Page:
With the reigning Chief Justice of Nigeria, Hon. Justice Mahmud Mohammed due for retirement on November 10, 2016 when he would have attained his mandatory retirement age of 70, an alleged plot by the powers-that-be to truncate the age-long seniority rule in the judiciary is said to be in the pipeline. Reports have it that there are very powerful forces plotting to alter the seniority rule that would probably see the second-in-command, Hon. Justice Walter Nkanu Onnoghen take over the affairs of the Apex Court after Mohammed retires from the Bench come November 10. These sinister forces have reportedly argued that anybody appointed to be CJN must not necessarily be the most senior justice of the Supreme Court. But their lame argument holds no water as more progressive lawyers and concerned Nigerians have condemned the move. Not even military rulers, including General Muhammadu Buhari himself, with the enormous powers they wielded, attempted to emasculate the highest court in the land. Even throughout his eight two-terms tenure as civilian president, Chief Olusegun Obasanjo did not change the rule governing succession at the Supreme Court. If we must consolidate this democratic dispensation, then we must not be seen to be dragging it to the mud. In the face of obvious agitations for secession and militancy in the South East and South-South amidst cries of marginalisation, we must be careful not to aggravate the situation due to the ambition and maladroit hues of a few people in power who want to see Nigeria as their private estate.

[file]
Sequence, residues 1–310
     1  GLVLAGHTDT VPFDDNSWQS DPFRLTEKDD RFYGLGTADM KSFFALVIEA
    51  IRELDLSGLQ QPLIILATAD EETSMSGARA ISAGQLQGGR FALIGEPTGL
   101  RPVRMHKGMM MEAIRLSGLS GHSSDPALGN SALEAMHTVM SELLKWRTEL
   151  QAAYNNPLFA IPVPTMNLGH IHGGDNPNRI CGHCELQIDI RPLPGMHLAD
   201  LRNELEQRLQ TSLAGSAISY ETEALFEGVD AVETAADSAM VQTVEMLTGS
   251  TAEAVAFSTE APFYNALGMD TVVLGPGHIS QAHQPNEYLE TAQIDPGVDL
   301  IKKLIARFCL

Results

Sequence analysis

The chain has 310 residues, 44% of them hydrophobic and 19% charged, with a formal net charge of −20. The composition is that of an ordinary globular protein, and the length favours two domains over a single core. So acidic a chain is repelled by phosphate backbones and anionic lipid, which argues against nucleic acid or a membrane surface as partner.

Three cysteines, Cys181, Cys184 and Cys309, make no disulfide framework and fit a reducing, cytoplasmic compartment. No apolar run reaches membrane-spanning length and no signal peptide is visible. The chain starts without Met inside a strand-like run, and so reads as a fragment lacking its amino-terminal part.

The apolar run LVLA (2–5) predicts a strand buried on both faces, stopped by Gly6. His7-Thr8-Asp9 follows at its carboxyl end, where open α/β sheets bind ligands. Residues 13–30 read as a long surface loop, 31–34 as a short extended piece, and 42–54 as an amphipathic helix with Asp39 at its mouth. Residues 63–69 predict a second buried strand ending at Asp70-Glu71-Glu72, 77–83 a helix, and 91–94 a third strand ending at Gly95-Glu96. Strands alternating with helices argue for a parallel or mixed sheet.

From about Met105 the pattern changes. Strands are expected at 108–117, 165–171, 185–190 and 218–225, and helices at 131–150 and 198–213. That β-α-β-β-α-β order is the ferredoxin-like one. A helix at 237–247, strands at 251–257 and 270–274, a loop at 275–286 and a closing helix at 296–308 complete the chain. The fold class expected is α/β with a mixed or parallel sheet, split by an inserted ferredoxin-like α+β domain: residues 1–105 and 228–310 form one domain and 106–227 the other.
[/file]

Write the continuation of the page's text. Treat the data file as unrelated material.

Indeed, there are palpable fears that if President Buhari succumbs to mounting pressures from some Northern elite and their All Progressives Congress, APC, collaborators not to send Justice Onnoghen’s name to the Senate for confirmation as CJN, the South will miss the golden opportunity to clinch the exalted office. It would be recalled that Justice Ayo Irikefe who was CJN between 1985 and 1987 was the last Southerner to occupy the office, about 30 years ago. Unarguably, the CJN sits as “Primus inter pares” (first among equals) in the intricate power calculus in the nation’s judiciary and one of the first five most important personalities in government. He is the Chairman of the Federal Judicial Service Commission, FJSC, as well as Chairman of the National Judicial Council, NJC. Both commissions are very important as they are involved in the process of promoting anybody to any position in the federal judiciary. Against the backdrop of the perceived attempt by the powers-that-be to northernise and Islamise all existing institutions of government in Nigeria in an orchestrated and vengeful political gerrymandering, any attempt to undermine the judiciary would spell doom for the country.